MY OLD COLLEAGUES FROM THE FAN-590 IN THE BROADCAST BOOTH AT ROGERS CENTRE: MIKE WILNER (SITTING); JERRY HOWARTH (STANDING). MIKE SEEMS OBLIVIOUS TO WHATEVER JERRY IS TELLING HIM.

 

ONE OF THE FINEST HUMAN BEINGS I’VE EVER KNOWN – IN OR OUT OF BASEBALL – WAS THE LATE, GREAT VOICE OF THE BLUE JAYS (ABOVE), WHO’S BEEN GONE SINCE OCTOBER 2005, HAVING LOST A BATTLE WITH BRAIN CANCER. TOM CHEEK CALLED EVERY BLUE JAYS GAME FROM THEIR INCEPTION ON APR. 7, 1977 TO JUNE 3, 2004 – (4,306 CONSECUTIVELY), AN INCREDIBLE WORK-RECORD EMBLAZONED ON THE CLUB’S “LEVEL OF EXCELLENCE” AT THE BALLPARK.

 

PHILLIES CENTRE-FIELDER SHANE VICTORINO APPEARED TO GET A CLEAT STUCK IN THE TURF WHILE RUNNING DOWN A FLY BALL LATE IN THE GAME. THE USUAL BASEBALL ENTOURAGE OF MANAGER (CHARLIE MANUEL); TRAINER, AND TEAMMATES – RYAN HOWARD (6), BEN FRANCISCO (10) AMONG THEM – CHECKS (ABOVE) ON VICTORINO, WHO STAYED IN THE BALLGAME.

 

FOR THOSE THAT HAVE NEVER BEEN TO ROGERS CENTRE, IT IS ALWAYS SPECTACULAR ON A MOSTLY CLEAR DAY TO LOOK UP AND SEE THE 1,815-FOOT CN TOWER LOOMING ABOVE THE BALLPARK.

 

A CLOSER LOOK (ABOVE) AT THE UPPER SPAN OF THE CN TOWER, WHICH OPENED IN 1975 AND WAS – FOR YEARS – THE TALLEST FREE-STANDING STRUCTURE ON EARTH.

 

WITH THE BLUE JAYS AND PHILLIES PLAYING ON THE CANADA DAY WEEKEND, A LARGE, RED MAPLE LEAF DECORATED THE TURF BEHIND HOME PLATE (ABOVE).

 

THE GLORY YEARS OF THE BLUE JAYS AND THE CLUB’S BEST-EVER PLAYER ARE DEPICTED IN BANNERS (ABOVE) THAT HANG FROM THE RAFTERS BEYOND CENTRE-FIELD. THE 1991 MAJOR LEAGUE ALL-STAR GAME WAS PLAYED AT SKYDOME AND THE JAYS WON THE AMERICAN LEAGUE EAST TITLE, ONLY TO LOSE TO MINNESOTA IN THE PLAYOFFS. IN ’92 AND ’93, THE JAYS WON THE WORLD SERIES OVER ATLANTA AND PHILADELPHIA, RESPECTIVELY. SECOND BASEMAN ROBERTO ALOMAR BECAME THE FIRST OF THE CHAMPION BLUE JAYS TO BE ENSHRINED IN COOPERSTOWN, N.Y.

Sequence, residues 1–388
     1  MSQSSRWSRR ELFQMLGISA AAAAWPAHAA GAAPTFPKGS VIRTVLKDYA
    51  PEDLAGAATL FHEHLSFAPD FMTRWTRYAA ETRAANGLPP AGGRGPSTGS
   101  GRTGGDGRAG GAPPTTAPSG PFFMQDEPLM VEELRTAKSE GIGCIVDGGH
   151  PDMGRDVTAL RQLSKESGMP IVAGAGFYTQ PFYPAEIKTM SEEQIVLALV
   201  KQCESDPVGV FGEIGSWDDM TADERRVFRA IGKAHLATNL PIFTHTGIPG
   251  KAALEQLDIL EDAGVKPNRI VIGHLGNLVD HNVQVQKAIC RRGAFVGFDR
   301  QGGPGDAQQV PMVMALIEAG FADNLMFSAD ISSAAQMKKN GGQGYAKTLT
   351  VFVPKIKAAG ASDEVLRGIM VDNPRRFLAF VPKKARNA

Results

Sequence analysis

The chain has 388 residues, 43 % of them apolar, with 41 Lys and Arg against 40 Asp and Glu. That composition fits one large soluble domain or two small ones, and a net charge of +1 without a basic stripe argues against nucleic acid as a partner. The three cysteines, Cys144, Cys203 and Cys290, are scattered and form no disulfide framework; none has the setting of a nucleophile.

LEFT FIELD IN AN EXPANSIVE BALLPARK CAN BE A LONELY PLACE (ABOVE), RIGHT BEN FRANCISCO?

 

LESS LONELY, BETWEEN INNINGS, WERE BLUE JAYS JUAN RIVERA (LEFT) AND RAJAI DAVIS, WHO MADE DINNER PLANS.

 

JOSE BAUTISTA (ABOVE) WALLOPED HIS MAJOR LEAGUE-LEADING 27th HOME RUN IN THE 8th-INNING UPRISING TO PUT THE BLUE JAYS AHEAD IN THE BALLGAME FOR THE FIRST TIME – AND FOR GOOD.

 

BAUTISTA IS THE MOST RENOWNED, ACCOMPLISHED PROFESSIONAL ATHLETE IN OUR CITY RIGHT NOW.

 

SIGN OUTSIDE ROGERS CENTRE (ABOVE) ACKNOWLEDGES BAUTISTA’S RECORD NUMBER OF FAN VOTES FOR THE JULY 12th MAJOR LEAGUE ALL-STAR GAME IN PHOENIX.

 

BLUE JAYS PLAYERS GATHER FOR HIGH-FIVES (ABOVE) AFTER COMPLETING THEIR DRAMATIC COMEBACK OVER PHILADELPHIA ON SUNDAY AFTERNOON.

 

BERGER JUNIOR (A.K.A. SHANE) HAD A JOLLY TIME WATCHING THE BALLGAME IN HIS BLUE JAYS GEAR.

 

A SHOT OF THE POST-GAME CLEAN-UP (ABOVE) FROM THE LEFT-CENTRE FIELD STANDS.

 

CN TOWER REACHES INTO THE AFTERNOON SKY OUTSIDE STADIUM.

 

A SILHOUETTE OF THE CN TOWER FROM BASE OF THE GIANT STRUCTURE.

 

HAPPY BLUE JAYS FANS WALK TOWARD UNION STATION AFTER EXCITING GAME.

 

HEY, REMEMBER THIS PLACE?